It was 7 pm. I’d already had a big day at the hospital with surgical rounds in the morning and a busy clinic in the afternoon.
But my on-call night of surgery was just beginning. As I sat in the hospital cafeteria, in front of a plate of rice, broccoli and chicken, enjoying my first forkful of rice, sighing with relief at a welcome rest, my pager went off. It was the emergency room calling me for a 61year old patient short of breath. I had to come immediately. I grabbed my dinner plate, stashed it in the on-call room where I had a bed, then rushed to the ER. The technician had already done an X-ray which showed fluid in the pleural cavity. The patient needed a chest tube to drain the excess fluid out of his lungs.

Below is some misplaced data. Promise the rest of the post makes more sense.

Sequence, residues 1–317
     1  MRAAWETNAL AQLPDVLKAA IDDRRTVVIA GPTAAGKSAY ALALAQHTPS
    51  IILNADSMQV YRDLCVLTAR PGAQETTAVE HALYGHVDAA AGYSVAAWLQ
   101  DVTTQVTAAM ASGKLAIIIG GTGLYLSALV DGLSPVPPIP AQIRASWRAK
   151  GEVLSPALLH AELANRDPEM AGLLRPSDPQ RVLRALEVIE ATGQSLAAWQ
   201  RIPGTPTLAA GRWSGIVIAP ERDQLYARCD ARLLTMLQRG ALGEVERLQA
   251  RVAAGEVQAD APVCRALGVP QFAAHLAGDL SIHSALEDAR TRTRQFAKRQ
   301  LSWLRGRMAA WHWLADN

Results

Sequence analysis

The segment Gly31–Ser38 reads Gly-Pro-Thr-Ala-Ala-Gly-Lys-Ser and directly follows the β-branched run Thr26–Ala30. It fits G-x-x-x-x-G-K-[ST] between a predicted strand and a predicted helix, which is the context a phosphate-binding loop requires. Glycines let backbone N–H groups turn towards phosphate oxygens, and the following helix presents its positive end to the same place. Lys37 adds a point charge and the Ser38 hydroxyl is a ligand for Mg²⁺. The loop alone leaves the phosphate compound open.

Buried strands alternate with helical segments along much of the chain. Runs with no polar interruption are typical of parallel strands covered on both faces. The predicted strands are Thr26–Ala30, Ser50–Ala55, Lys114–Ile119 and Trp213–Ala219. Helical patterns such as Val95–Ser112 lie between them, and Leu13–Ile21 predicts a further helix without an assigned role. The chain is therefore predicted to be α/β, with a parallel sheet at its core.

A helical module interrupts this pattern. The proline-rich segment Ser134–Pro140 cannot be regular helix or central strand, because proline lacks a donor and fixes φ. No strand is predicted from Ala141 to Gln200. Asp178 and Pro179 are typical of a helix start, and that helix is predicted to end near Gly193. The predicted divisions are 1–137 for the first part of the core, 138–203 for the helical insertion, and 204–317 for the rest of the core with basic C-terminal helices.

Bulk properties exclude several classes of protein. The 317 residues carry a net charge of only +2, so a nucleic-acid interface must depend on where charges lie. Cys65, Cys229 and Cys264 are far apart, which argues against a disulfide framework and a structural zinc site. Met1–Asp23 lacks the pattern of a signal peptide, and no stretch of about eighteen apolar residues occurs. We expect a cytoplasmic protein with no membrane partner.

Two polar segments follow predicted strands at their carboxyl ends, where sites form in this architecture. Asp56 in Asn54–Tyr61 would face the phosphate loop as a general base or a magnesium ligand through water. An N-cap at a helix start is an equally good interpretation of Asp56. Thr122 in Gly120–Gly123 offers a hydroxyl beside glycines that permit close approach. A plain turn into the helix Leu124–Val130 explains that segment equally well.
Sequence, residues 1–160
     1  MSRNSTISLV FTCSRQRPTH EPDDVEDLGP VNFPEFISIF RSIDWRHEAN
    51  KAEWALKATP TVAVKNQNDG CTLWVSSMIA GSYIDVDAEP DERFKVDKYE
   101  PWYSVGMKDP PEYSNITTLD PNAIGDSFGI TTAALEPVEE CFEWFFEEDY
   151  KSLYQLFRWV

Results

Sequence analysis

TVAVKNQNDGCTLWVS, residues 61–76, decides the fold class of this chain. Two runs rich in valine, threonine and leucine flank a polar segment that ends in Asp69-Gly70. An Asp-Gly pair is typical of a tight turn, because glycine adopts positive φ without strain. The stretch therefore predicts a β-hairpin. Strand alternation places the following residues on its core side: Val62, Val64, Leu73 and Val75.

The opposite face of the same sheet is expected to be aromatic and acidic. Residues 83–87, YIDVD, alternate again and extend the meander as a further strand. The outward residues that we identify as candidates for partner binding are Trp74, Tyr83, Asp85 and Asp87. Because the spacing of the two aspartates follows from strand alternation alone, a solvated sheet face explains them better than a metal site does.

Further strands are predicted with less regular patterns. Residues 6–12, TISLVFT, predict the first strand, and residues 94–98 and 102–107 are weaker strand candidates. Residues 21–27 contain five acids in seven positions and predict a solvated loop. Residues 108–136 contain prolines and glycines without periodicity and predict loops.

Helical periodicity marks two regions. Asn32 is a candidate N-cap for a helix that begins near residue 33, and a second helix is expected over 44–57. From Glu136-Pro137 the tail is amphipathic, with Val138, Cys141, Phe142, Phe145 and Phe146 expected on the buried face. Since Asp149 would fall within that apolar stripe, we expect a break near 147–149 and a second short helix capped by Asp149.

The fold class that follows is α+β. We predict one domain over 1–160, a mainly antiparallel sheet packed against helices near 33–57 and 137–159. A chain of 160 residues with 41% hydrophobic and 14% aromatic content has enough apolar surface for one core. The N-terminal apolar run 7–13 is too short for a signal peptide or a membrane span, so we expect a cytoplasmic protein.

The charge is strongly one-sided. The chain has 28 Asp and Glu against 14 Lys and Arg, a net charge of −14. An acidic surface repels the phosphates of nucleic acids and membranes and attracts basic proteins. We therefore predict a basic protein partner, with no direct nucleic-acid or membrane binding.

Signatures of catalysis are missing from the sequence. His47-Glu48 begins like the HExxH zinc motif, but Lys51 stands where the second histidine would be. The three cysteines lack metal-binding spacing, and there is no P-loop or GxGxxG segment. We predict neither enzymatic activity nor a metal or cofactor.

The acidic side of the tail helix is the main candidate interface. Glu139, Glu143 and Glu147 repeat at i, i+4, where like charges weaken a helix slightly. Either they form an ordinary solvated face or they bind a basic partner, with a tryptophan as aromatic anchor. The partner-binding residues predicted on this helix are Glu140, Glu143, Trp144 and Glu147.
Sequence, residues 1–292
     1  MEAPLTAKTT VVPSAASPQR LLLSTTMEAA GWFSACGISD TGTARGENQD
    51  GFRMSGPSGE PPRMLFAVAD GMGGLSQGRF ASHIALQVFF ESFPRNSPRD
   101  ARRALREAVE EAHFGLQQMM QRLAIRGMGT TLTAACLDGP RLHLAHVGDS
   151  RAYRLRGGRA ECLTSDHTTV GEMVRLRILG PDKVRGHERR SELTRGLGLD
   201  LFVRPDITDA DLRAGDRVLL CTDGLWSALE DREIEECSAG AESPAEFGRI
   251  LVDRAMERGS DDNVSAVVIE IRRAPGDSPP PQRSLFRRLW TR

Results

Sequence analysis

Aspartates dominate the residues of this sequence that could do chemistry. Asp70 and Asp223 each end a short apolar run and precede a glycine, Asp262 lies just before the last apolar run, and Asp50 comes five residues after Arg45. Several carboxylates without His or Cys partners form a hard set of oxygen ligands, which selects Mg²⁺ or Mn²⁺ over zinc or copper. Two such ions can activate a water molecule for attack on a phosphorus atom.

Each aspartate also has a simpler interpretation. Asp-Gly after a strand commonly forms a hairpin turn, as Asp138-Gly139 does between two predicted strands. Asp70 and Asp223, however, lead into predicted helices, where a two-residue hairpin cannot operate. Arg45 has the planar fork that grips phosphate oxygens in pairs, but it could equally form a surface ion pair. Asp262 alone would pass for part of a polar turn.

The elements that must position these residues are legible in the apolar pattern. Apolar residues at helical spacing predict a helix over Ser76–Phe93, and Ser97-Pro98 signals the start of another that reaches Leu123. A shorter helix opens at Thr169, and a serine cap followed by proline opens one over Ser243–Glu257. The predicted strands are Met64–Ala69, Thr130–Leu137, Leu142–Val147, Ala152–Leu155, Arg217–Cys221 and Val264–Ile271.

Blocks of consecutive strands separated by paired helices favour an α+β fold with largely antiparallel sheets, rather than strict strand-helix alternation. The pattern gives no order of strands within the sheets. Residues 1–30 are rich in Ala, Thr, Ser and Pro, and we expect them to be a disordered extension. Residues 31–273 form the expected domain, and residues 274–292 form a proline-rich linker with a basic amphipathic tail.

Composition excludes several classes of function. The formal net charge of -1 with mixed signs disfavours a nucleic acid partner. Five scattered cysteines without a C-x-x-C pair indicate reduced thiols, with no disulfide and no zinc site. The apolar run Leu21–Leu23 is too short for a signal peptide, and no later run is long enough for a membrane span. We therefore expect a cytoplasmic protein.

As I got ready for the procedure, my pager went off again. Surgical ICU messaged that a patient who’d been operated on earlier for gunshot wounds to the abdomen had a sudden drop of blood pressure.
I told the nurse to page my attending physician to decide whether the patient was bleeding internally and would need more surgery. After placing the chest tube, I run to the ICU, only to learn I needed to scrub in to re-operate on the gunshot wound patient.